What bdp said; you can’t unionize a job that is largely glamorized to young nerds and budding programmers. There’s just too many naive, eager people waiting to take the empty spot. Fortunately I became quite aware of the abusiveness before I left university and took a job in enterprise software.

  • Doc Hammer

    And so, the silent protagonist made a surprising, but quite welcome return. RIP prima donna voice actors.

  • Dr. Headcrab

    The problem with this logic is that it resolves NOTHING. The fact remains that for EVERYONE involved in game dev with the exception of the few people fortunate enough to be sitting at the top (and even sometimes they get screwed), conditions are absolutely deplorable. Expecting voice actors to simply ‘step back and wait their turn’ for improvements that AREN’T EVER COMING unless someone bothers stepping up to the plate to fight back is just naive, dont-rock-the-boat nonsense.

    Throwing up our arms and saying ‘Nope, it just can’t be helped’ is a surefire way to make sure that game-dev remains the hellhole it is. Perhaps instead of condemning voice actors for requesting some very basic accommodations which would be extended to any OTHER acting job on planet earth, we should be urging them to move away from some of the more controversial requests being made about using only ‘union’ voice actors and such things. That way, instead of being some antagonistic ‘US vs. THEM’ battle between Voice Actors and programmers/designers/artistss, we might actually start seeing SOMEONE thinking of ways to improve conditions for everyone else using this moment as a turning point.

    But I doubt it… it’s much easier just to hate on the voice actors. They don’t really even matter, right? Nobody cares who did the voices of all those really important characters in all those games! They’re meaningless! Let’s all go back to silent text-boxes! Sorry, but if that’s the “future” of gaming… I’ll be cutting my losses. I care about the quality of voice-over work. I also care about the writing. I also care about the guys who do conceptual art and asset design. I care about the programmers. Fuck, I care about the guy who comes in to change out the water-tank in the water-cooler in the break room.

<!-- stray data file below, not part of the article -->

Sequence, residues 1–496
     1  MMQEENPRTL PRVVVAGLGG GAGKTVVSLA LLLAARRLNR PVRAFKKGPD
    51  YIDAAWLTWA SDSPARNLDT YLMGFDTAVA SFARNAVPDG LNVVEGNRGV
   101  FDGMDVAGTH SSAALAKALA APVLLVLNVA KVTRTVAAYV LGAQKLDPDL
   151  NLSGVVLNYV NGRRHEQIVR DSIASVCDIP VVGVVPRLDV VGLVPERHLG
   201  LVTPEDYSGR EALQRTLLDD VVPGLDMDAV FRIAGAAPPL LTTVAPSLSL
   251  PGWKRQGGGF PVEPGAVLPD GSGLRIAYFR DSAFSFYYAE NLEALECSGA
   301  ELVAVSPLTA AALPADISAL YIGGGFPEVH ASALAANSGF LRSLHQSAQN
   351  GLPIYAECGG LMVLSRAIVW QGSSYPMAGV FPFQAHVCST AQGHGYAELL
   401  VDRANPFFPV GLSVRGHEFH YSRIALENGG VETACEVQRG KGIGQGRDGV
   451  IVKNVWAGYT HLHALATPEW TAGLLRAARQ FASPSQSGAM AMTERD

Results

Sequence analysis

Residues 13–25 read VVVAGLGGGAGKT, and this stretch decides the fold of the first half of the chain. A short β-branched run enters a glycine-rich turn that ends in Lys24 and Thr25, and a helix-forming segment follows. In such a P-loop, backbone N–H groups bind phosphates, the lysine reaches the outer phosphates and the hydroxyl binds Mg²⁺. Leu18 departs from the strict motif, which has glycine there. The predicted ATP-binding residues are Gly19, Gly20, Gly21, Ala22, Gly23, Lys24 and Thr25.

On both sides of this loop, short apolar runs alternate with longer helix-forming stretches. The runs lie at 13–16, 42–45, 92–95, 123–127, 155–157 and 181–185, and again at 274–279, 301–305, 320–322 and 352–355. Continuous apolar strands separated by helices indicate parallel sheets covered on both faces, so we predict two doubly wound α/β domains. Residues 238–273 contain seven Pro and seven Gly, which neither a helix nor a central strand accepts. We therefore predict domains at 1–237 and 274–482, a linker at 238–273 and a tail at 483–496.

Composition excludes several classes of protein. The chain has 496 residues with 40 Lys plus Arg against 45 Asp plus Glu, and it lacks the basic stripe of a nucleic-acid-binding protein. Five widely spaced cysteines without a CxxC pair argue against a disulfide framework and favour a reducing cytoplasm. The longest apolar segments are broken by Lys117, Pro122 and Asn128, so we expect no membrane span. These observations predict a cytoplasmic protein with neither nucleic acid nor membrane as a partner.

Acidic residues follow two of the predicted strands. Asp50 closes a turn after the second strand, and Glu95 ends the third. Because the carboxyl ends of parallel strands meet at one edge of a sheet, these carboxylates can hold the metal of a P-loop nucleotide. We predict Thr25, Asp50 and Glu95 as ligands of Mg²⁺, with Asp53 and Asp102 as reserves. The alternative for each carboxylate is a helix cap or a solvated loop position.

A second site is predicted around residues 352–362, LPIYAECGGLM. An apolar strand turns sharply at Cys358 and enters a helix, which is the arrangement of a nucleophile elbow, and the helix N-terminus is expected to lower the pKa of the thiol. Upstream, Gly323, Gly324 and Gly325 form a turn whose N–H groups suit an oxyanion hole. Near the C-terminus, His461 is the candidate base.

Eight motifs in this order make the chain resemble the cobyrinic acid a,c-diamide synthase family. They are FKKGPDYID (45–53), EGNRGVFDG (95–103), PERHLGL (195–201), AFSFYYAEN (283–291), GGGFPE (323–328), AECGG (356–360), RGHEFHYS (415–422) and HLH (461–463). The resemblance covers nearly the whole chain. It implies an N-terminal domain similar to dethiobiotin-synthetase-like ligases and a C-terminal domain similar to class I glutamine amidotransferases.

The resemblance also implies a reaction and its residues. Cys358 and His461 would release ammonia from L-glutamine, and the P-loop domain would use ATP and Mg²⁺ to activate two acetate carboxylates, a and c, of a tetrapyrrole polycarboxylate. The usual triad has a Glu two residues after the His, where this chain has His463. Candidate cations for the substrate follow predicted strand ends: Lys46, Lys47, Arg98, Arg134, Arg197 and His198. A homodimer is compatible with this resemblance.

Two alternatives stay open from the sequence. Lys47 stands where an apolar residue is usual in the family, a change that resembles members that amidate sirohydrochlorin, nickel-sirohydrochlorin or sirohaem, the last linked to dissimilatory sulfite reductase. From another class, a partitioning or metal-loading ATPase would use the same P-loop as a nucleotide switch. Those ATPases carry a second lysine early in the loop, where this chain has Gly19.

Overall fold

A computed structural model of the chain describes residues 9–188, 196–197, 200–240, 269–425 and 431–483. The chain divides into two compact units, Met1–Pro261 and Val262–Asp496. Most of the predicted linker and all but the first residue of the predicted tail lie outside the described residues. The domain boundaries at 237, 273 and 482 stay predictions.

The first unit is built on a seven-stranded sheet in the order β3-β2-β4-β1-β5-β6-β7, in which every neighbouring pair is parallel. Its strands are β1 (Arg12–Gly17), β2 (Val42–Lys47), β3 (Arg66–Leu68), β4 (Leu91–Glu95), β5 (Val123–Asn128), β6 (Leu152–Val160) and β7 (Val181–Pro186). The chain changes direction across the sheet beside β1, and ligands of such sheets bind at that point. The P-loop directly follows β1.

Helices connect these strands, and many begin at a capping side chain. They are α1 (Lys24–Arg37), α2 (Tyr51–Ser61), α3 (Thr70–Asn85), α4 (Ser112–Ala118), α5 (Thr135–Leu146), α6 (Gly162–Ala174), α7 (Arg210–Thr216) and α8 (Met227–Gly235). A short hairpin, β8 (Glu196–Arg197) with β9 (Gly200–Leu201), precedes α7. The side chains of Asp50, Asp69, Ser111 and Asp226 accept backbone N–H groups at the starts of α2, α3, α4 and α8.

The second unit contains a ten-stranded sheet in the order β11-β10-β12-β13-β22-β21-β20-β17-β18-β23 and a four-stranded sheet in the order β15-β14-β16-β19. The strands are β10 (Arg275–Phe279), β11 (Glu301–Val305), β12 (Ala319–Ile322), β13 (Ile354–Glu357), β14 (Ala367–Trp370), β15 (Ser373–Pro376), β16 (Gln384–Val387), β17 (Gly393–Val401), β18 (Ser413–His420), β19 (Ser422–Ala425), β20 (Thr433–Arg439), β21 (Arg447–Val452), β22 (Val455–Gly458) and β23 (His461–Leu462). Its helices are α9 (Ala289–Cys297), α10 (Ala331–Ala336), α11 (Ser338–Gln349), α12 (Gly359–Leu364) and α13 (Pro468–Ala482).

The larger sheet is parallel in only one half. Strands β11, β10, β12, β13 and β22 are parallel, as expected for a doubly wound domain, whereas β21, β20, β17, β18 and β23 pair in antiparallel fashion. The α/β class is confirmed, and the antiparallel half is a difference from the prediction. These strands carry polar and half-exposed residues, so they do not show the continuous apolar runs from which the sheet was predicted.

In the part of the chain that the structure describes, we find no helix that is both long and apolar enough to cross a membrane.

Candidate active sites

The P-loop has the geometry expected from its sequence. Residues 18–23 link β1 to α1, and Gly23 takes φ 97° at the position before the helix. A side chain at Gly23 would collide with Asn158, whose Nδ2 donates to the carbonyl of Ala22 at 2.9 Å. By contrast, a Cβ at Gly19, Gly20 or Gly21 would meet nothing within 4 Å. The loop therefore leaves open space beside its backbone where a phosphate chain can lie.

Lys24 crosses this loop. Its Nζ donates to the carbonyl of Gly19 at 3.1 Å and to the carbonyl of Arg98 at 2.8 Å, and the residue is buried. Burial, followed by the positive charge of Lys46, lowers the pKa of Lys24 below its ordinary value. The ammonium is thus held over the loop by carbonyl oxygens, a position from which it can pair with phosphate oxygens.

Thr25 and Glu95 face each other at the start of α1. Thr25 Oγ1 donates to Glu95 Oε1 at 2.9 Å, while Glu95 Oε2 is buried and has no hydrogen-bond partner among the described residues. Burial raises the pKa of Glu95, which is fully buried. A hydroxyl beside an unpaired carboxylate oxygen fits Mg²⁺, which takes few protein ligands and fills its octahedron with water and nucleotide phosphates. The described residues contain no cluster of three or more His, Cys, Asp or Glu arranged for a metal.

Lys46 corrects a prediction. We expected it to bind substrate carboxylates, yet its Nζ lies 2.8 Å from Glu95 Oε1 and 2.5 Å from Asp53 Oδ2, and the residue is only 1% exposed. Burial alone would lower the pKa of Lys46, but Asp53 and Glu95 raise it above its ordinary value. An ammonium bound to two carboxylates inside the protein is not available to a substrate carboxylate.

The SAG-AFTRA demands range from quite reasonable to very extreme. Coincidentally, that’s typically how unions work. They create a range of demands, and negotiate their way towards a compromise. I hope we see them find the middle-ground, work out a reasonable compromise for everyone, and put this thing to rest so I can stop reading all the rage-fizzled piss being sprayed about by people who only care because the Hated Enemy Wil Wheaton ( exceptional douchebag though he’s prone to being) dared to comment on the matter.

  • Dr. Headcrab

    Perhaps it will inspire said publishers to actually start giving a shit about the quality of their product, that it might SELL ENOUGH UNITS to actually JUSTIFY their bloated, self-destructive marketing budgets?

  • ParasiteX

    Instead of #Performancematters.. How about #GameplayMatters.. As last i checked, that’s generally what most gamers value.. And the developers who toil for years, put hell of a lot more effort into making sure the game has solid gameplay. Than the tiny amount of time VAs spend recording voices.

  • Robert Grosso

    Well said, I agree.

  • Mr Snow

    I hope the industry doesn’t kowtow to the bullying tactics of another union group that represents the over-privileged people in the industry.

    There’s plenty of amateur voice talent out there that with work and equipment can sound every bit as good as the “professionals” and for a fraction of the price.

  • Mr Snow

    The last two writer’s strikes in film / television had a side effect of creating a huge amount of unscripted reality programming. That people still eat up to this day.

    TV Execs found out they really didn’t need writers to make money.